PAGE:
Steven Spurrier
Photo credit: Lucy Pope


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The incidents, adventures, ideas, and discoveries that have formed Steven’s remarkable wine journey. This memoir looks back on Steven’s life charting the incidents, adventures, ideas, and discoveries that formed his wine journey. Along the way, he has been privileged not only to taste the finest wines but to judge them and to work with the winemakers who create them. His famously-egalitarian acceptance of everything from the obscurest Okanagan Chardonnay to the frailest 1806 Lafite, combined with his gentlemanly elegance and dry wit, led not only to his being forgiven by the Bordelais but to his enormous popularity the world over. Here, he tells his story.



0:00:00.0 Steven Spurrier: My name’s Steven Spurrier and I’ve been in the wine business for 55 years. Basically, I’m a wine communicator, and I think what we’re going to talk about this evening is the last roll of the Spurrier dice, which is Bride Valley Vineyards, in South Dorset.

0:00:20.8 Christian Oggenfuss: Excellent. Yeah, we’re very excited to talk about Bride Valley and your project there. I do have a couple of questions leading up to talking about Bride Valley. I know our listeners would be interested in knowing how your journey in the wine trade began. I know you hold a degree from the prestigious London School of Economics. How did you transition into the wine trade after university?

0:00:42.0 SS: I was a wine merchant in Paris, Caves de la Madeleine and L’Académie du Vin. Well, L’Académie du Vin was a great wine school. And in Paris I expanded part of my comfort zone into restaurants and warehouses. And it all went wrong. And so I came back to the UK with my family to educate the children, well, bring up the children, in England in 1982. I decided I wouldn’t employ anybody ever again. So that meant I turned myself into a wine consultant, writer, observer, and I joined Decanter in, I think, September 1993. Even though I came back with my family in ’82, I was commuting to Paris until ’89, and it all went under in 1989. And then I was, for six months, head of Harrods’ wine department, which put me very much back in the center of the London wine trade. And I fell out with Mr. Al Fayed, the owner of Harrods, because I became too popular. Anyway, that ended.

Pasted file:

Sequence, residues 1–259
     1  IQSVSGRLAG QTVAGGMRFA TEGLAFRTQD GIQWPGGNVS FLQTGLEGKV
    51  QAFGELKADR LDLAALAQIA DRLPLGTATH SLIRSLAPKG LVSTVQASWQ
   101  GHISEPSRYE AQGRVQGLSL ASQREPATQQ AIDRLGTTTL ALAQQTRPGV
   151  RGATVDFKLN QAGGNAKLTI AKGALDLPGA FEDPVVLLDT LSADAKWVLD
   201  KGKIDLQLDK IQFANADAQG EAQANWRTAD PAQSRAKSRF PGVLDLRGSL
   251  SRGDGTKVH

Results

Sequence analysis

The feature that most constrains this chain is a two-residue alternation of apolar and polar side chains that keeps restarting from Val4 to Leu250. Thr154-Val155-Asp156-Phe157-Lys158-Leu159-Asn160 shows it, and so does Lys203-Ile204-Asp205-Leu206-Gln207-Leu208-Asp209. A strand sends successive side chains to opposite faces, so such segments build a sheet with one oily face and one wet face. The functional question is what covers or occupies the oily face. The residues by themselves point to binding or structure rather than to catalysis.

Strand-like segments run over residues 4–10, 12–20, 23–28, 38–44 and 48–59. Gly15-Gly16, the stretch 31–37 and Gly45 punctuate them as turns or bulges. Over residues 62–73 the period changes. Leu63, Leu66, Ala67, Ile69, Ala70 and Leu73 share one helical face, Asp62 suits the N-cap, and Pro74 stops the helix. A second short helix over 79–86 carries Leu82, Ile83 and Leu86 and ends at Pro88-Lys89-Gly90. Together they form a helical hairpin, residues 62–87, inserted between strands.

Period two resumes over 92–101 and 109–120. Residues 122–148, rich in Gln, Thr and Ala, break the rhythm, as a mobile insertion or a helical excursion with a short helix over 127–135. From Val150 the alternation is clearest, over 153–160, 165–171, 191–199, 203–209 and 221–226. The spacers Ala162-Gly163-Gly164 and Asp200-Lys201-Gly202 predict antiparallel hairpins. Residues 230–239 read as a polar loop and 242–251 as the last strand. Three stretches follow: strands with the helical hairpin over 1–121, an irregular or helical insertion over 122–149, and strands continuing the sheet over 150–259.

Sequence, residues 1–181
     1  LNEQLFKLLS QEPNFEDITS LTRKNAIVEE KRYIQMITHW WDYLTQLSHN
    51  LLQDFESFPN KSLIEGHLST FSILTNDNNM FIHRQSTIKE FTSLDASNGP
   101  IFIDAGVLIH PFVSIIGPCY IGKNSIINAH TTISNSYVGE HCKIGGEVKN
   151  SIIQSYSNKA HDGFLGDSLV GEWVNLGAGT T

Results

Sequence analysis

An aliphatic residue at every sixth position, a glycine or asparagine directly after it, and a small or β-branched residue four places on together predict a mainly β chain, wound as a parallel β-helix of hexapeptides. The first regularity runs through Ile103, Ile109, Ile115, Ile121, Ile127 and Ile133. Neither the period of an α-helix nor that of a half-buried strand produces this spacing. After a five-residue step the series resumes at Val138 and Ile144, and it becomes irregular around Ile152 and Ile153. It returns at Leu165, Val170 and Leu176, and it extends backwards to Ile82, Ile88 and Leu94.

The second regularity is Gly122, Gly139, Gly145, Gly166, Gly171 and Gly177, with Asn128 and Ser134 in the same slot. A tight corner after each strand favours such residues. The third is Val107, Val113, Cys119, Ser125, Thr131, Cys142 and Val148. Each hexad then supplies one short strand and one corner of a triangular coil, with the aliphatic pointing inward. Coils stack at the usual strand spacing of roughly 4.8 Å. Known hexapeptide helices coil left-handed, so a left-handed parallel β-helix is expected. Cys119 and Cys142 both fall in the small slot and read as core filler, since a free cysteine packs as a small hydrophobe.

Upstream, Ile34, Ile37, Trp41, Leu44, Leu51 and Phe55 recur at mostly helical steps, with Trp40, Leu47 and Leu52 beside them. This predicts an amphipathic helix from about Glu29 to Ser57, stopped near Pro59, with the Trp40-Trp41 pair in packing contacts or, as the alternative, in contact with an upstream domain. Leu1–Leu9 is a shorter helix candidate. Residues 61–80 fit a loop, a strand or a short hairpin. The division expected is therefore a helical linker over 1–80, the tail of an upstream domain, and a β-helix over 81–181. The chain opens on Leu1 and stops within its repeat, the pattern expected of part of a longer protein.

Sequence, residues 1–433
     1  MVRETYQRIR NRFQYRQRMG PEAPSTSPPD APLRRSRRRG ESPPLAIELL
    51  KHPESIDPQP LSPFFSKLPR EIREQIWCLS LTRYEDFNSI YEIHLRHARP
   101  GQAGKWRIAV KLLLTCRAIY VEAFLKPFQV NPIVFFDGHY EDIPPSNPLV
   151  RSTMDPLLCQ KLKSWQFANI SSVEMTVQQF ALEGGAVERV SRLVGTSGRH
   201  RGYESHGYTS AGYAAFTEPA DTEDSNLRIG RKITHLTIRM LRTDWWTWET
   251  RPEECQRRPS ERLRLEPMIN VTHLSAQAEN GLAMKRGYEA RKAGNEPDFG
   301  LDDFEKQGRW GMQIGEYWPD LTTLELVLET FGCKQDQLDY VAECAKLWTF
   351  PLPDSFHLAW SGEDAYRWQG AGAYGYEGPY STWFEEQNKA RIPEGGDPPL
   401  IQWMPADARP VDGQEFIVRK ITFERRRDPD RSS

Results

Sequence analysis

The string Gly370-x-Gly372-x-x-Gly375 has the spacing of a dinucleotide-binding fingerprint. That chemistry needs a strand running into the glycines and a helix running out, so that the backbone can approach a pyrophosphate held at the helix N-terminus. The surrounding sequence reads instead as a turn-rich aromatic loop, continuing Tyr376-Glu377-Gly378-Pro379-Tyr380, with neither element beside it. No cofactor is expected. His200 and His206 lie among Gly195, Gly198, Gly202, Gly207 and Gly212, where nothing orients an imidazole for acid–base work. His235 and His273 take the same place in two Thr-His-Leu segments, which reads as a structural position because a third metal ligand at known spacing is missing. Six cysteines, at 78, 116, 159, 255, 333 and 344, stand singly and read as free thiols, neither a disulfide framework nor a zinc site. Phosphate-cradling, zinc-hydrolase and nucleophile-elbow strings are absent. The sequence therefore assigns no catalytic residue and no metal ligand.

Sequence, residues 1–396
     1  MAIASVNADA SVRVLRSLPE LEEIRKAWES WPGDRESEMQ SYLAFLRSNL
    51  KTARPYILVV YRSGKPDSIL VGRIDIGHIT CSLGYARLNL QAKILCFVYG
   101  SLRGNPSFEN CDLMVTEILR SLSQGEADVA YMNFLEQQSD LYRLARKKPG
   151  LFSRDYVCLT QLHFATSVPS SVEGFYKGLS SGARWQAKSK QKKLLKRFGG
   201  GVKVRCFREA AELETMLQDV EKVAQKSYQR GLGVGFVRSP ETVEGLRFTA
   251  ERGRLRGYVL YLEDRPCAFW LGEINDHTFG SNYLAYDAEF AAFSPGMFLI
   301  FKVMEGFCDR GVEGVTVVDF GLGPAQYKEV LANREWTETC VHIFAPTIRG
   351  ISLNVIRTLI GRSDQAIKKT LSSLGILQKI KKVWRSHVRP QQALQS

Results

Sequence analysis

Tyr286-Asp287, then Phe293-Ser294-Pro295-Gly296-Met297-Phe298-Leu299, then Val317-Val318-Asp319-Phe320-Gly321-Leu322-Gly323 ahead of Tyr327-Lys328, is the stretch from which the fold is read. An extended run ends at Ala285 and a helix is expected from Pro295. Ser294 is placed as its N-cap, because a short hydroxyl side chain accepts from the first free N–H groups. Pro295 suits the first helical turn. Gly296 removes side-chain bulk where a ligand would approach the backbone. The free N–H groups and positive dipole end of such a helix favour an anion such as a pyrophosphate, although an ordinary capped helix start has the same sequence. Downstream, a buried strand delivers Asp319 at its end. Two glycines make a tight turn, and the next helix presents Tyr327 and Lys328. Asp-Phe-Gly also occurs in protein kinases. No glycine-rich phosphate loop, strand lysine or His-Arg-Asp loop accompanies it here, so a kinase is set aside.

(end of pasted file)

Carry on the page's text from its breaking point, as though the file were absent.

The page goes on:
0:02:04.8 SS: Then I was taken on as a consultant by Singapore Airlines along with Michael Hill Smith, Australia’s first Master of Wine, and Anthony Dias Blue, who of course you know about. And that really was a bit of a savior because that gave me, A, an international job of high profile, and also quite a substantial income. And then I joined Decanter in, I think, September ’93 and stayed with Decanter until May this year. A whole chapter in my book is called Life With Decanter. Once you turn yourself into a jobbing journalist or a traveling journalist, who’s ready to go anywhere, taste anything, and I was very high profile. I was recognized as a very good taster. I really got around the world and could make quite a impression by writing about it all in Decanter.

0:03:09.3 SS: And so my bid, to get back to Bride Valley, my wife Bella bought… We bought a lovely village house in 1987, but there wasn’t enough land for her, because she needed more land for her horses. There was a farm coming up next door, a 200-acre farm. She acquired that as well, and I discovered walking around the farm, they had an enormous amount of chalk on it. And I was still, ’87, in Paris at the time, running L’Académie du Vin. I put a couple of blocks of chalk in my bucket and put them on the desk in Paris, in front of Michel Bettane and said, asked Michel, “Michel, where do you think those are from?” And he said, “Well, Champagne, of course.” And I said, “No, they’re from South Dorset.” And he said, “In that case you should plant a vineyard.” [chuckle] That was in ’87, and I didn’t plant a vineyard, but it did put the idea in my mind.

0:04:20.8 CO: And undertaking, were you the first to plant a vineyard in Southern England with the idea to make sparkling wine?

0:04:28.0 SS: I didn’t plant… I didn’t plant until 2009 because, basically, English sparkling wine, which is what we’re talking about, although the vineyards now are being very successful making still wine, English sparkling wine was unheard of. In England we had the hybrids like Madeleine Angevine and basically German grape varieties, and no one was making sparkling wine, until Nyetimber came along, Sandy Moss from Chicago. And I remember going to… This was… Really most important going to the awards ceremony of the International Wine & Spirit Competition and being handed a glass of sparkling wine and asked what it was. And I said, “Well, champagne of course. Certainly a Blanc de Blancs. Probably a Grand Cru. Why?”